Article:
183 articles from TUESDAY 6.6.2023

Ministers launch £40m pilot scheme to trial wider access to slimming jab

Less regulation of weight-loss drug would make Wegovy accessible to more peopleMinisters are launching a £40m pilot scheme to trial wider access to the controversial slimming jab Wegovy, to examine how people could receive the drug outside hospitals.Under current advice from the National Institute for Health and Care Excellence drugs regulator, Wegovy is only given via specialist weight...

NASA's new detectors could improve views of gamma-ray events

Using technology similar to that found in smartphone cameras, NASA scientists are developing upgraded sensors to reveal more details about black hole outbursts and exploding stars—all while being less power hungry and easier to mass produce than detectors used today.

'Heat highways' could keep electronics cool

As smart electronic devices become smaller and more powerful, they can generate a lot of heat, leading to slower processing times and sudden shutdowns. Now, as reported in ACS Applied Nano Materials, researchers have used an electrospinning approach to produce a new nanocomposite film. In tests, the film dissipated heat four times more efficiently than similar materials, showing that it could one...

How much cobalt can be mined in the US? Study examines domestic mining site in Idaho

A new study published in Geology evaluates the potential for cobalt extraction from the Idaho Cobalt Belt (ICB) of east-central Idaho, using a detailed study of the Iron Creek deposit. The ICB hosts the second-largest known domestic resource of the critical mineral cobalt, one of the key ingredients in many rechargeable batteries needed for the green energy transition.

What Wildfire Smoke Does to the Human Body

Massive wildfires raging in eastern Canada are sending huge plumes of smoke across the border, blanketing thousands of square miles in the Northeastern U.S. and Upper Midwest, and casting a haze over skies from Wisconsin and Minnesota to New York. Hundreds of out of control fires are currently burning in Quebec, while authorities have managed to contain two wildfires burning in Nova Scotia. All...

Why are dog breeds with innate diseases popular?

Flat-faced dogs such as French and English bulldogs are extremely popular despite suffering from severe innate diseases. Hungarian researchers have attempted to uncover the explanation for this paradox. In the end, they concluded that although enthusiasts of flat-faced dogs are aware of the health issues and strive to provide the best for their dogs, they are likely to normalize health problems.

Unraveling the historic journey of the mung bean: A tale of evolution, migration and climate adaptation

The mung bean, commonly known as green gram, has played a pivotal role as a cheap protein source in regions where access to meat is limited. Spanning over 4,500 years, the cultivation of this humble legume has sustained civilizations throughout its history. While its migration routes and cultivation expansion have been a mystery, a new study by researchers at USC Dornsife College of Letters, Arts...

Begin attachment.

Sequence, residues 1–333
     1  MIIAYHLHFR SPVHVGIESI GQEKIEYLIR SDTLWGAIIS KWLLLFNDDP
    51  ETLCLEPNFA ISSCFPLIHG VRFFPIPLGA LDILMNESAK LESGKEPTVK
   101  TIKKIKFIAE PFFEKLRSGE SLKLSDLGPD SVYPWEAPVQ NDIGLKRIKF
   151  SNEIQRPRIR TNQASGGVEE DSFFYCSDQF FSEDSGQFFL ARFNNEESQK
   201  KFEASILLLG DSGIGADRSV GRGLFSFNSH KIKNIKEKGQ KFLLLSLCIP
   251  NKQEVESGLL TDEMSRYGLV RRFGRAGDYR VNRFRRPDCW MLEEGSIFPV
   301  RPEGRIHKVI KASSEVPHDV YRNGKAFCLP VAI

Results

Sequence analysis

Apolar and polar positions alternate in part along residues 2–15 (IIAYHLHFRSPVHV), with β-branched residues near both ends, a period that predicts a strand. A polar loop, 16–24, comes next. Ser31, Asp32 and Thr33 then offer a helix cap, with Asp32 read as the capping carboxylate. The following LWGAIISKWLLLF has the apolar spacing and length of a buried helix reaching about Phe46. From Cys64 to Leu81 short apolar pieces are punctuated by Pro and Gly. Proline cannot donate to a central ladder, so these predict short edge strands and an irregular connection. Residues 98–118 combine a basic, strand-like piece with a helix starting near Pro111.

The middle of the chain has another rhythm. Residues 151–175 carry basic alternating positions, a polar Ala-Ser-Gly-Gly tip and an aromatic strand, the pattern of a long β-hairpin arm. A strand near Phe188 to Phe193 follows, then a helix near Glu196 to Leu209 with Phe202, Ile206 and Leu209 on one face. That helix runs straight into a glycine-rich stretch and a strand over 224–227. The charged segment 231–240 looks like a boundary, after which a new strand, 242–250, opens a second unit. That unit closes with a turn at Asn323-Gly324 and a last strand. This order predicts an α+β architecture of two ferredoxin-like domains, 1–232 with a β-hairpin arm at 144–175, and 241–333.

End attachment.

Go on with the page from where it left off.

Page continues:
Elastocaloric cooling system opens door to climate-friendly AC

Air conditioning, refrigeration, and other cooling technologies account for more than 20 percent of today's global energy consumption, while the refrigerants they use have a global warming potential thousands of times greater than carbon dioxide. In a recent study in the journal Science, a team led by Maryland Engineering Professors Ichiro Takeuchi, Reinhard Radermacher, and Yunho Hwang introduced...

Researchers develop online hate speech 'shockwave' formula

A George Washington University research team has created a novel formula that demonstrates how, why, and when hate speech spreads throughout social media. The researchers put forth a first-principles dynamical theory that explores a new realm of physics in order to represent the shockwave effect created by bigoted content across online communities.

Researchers advance DNA nanostructure stability

Researchers at the University at Albany's RNA Institute have demonstrated a new approach to DNA nanostructure assembly that does not require magnesium. The method improves the biostability of the structures, making them more useful and reliable in a range of applications. The work appears in the journal Small this month.

'Heat highways' could keep electronics cool

As smart electronic devices become smaller and more powerful, they can generate a lot of heat, leading to slower processing times and sudden shutdowns. Now researchers use an electrospinning approach to produce a new nanocomposite film. In tests, the film dissipated heat four times more efficiently than similar materials, showing that it could one day be used to keep electronics cool.

Roadblocks and speed limits: Geoscientists study Alaska's Denali fault

The 1,200-mile-long Denali Fault stretches in an upward arc from southwestern Alaska and the Bering Sea eastward to western Canada's Yukon Territory and British Columbia. The long-lived and active strike-slip fault system, which slices through Denali National Park and Preserve, is responsible for the formation of the Alaska Range.